The rule of thumb is that debt should not exceed 60 percent of gross domestic product. But the $9 trillion in U.S. debt is 70 percent of our $12.7 trillion GDP. To underwrite this colossal number, the U.S. relies on foreign banks and foreign investors, and the catastrophic bloat will only get bigger with the current-accounts deficit add-on expected this year to rise to over $1 trillion.

If Asian central bank reserves, notably China's, and Arab petro dollars are moved away from dollars and into euros, U.S. interest rates will skyrocket and the economy will nosedive.

Question: How much of the national debt is currently held by foreigners? Caroline Daniel.

MS. DANIEL: I think about 40 percent of the national debt is held by foreigners.

So you have to be worried about how far the Chinese or the Japanese are going to continue to lend money to the U.S. and to invest in U.S. assets.

But I think what's as worrying about the fact that foreigners own a lot of U.S. debt is how much debt consumers have in this country. That's also about $11 trillion of debt is held by U.S. consumers, and that's gone up by 27 percent over the last few years. And what's even worse is that we have a negative savings rate for the first time since 1933 in America.

MR. MCLAUGHLIN: You know, the American public doesn't give a rat's rear about the national debt. You know that.

MS. DANIEL: I know that. They're too worried about their own debt.

MR. MCLAUGHLIN: They don't see this translating into the activity of the street.

MS. DANIEL: It doesn't directly translate, but what it could translate into is when you have -- if it leads to higher interest rates. At the moment, actually, the level of national debt is actually manageable. I don't think we're seeing a nervous breakdown on Wall Street right now.

MR. BUCHANAN: It's only 70 percent of GDP. And after World War II, John, it was well over 100 percent. It's over 100 percent in Japan. The problem is this --

MR. MCLAUGHLIN: Are you, as a conservative, countenancing and encouraging the national debt?

MR. BUCHANAN: The problem is the deficit is between 3 and 4 percent of GDP, but when the baby boomers hit Social Security and Medicare, it explodes, and there's no way to stop it.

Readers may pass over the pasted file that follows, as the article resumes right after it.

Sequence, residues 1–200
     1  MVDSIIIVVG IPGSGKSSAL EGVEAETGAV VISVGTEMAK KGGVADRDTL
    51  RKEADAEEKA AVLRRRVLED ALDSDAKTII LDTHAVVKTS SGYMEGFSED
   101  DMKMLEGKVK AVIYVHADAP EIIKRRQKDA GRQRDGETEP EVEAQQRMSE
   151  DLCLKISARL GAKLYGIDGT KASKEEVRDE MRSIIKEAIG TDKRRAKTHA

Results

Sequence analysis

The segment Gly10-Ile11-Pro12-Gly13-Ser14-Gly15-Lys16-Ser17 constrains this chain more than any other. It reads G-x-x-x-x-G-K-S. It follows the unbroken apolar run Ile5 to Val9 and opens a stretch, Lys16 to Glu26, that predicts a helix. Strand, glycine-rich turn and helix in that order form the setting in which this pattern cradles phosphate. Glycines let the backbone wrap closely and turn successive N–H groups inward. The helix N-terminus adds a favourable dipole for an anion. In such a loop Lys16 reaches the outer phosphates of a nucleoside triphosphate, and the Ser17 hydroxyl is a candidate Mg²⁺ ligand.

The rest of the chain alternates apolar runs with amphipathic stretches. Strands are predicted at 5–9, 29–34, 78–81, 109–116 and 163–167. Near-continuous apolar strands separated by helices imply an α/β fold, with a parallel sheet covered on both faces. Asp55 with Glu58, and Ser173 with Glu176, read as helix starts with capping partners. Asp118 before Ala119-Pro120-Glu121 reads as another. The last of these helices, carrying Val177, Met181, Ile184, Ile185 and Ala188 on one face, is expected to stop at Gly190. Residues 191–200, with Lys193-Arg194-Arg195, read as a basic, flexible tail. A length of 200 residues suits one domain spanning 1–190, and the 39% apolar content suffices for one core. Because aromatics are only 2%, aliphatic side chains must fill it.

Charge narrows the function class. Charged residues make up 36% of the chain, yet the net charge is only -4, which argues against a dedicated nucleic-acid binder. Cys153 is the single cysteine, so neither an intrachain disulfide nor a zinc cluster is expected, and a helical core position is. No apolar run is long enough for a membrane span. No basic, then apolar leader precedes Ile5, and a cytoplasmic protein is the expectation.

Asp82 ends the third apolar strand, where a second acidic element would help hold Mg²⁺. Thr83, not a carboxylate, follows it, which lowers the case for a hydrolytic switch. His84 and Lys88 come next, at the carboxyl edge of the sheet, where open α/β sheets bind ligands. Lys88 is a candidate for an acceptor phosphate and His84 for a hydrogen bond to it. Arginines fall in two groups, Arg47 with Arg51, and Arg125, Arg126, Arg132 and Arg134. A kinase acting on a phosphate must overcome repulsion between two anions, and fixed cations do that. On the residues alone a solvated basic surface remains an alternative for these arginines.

MR. MCLAUGHLIN: Yes, and the tax revenues will be lower because they will be, to a great extent, retiring.

MR. BUCHANAN: A lot of the most affluent workers in America will be moving out and consuming savings.


MS. CLIFT: Well, there is a sense that we're living on borrowed time here and that there is going to be some sort of a crunch or a crash at some point.

What I don't get is all of the conservatives, principally, are so worried about our national sovereignty -- they're even worried about being part of the U.N. -- and that they let Asian bankers control, basically, our economy. You can't afford to offend your creditors. And I think --




MR. BLANKLEY: -- what all of you have said is right. But let me talk about the deficit just for a second, as opposed to the debt. Today the deficit is 20 percent of GDP. Under the Reagan years that I served and Pat served in the White House, it was 22 percent of GDP -- the deficit, the one-year deficit, not the debt.

Now, except for the few post-year wars (sic) after the end of communism and we were cutting military spending drastically, and when, briefly, under the leadership of my old boss, Newt Gingrich, we got a balanced budget, other than that, the level of deficit spending now is, in fact, a little bit less than it was in the Reagan years and about what it was in the Carter years.

So the year-to-year deficits are not disproportionate historically, although I'd like to see less spending.

MR. MCLAUGHLIN: Issue Three: Hail to Madame Commander in Chief.